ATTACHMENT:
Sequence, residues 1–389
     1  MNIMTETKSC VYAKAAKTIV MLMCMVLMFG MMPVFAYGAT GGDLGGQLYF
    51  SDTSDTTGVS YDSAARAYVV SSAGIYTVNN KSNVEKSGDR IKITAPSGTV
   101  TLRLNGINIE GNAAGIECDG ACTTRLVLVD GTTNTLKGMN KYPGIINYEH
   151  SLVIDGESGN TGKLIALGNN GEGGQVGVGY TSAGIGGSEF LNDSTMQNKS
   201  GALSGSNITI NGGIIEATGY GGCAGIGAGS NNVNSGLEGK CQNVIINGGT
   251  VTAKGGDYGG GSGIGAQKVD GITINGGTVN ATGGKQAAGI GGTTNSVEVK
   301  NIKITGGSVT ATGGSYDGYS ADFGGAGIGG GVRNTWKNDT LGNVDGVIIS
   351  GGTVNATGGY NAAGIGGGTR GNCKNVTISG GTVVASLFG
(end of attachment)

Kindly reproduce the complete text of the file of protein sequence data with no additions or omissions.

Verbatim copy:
Sequence, residues 1–389
     1  MNIMTETKSC VYAKAAKTIV MLMCMVLMFG MMPVFAYGAT GGDLGGQLYF
    51  SDTSDTTGVS YDSAARAYVV SSAGIYTVNN KSNVEKSGDR IKITAPSGTV
   101  TLRLNGINIE GNAAGIECDG ACTTRLVLVD GTTNTLKGMN KYPGIINYEH
   151  SLVIDGESGN TGKLIALGNN GEGGQVGVGY TSAGIGGSEF LNDSTMQNKS
   201  GALSGSNITI NGGIIEATGY GGCAGIGAGS NNVNSGLEGK CQNVIINGGT
   251  VTAKGGDYGG GSGIGAQKVD GITINGGTVN ATGGKQAAGI GGTTNSVEVK
   301  NIKITGGSVT ATGGSYDGYS ADFGGAGIGG GVRNTWKNDT LGNVDGVIIS
   351  GGTVNATGGY NAAGIGGGTR GNCKNVTISG GTVVASLFG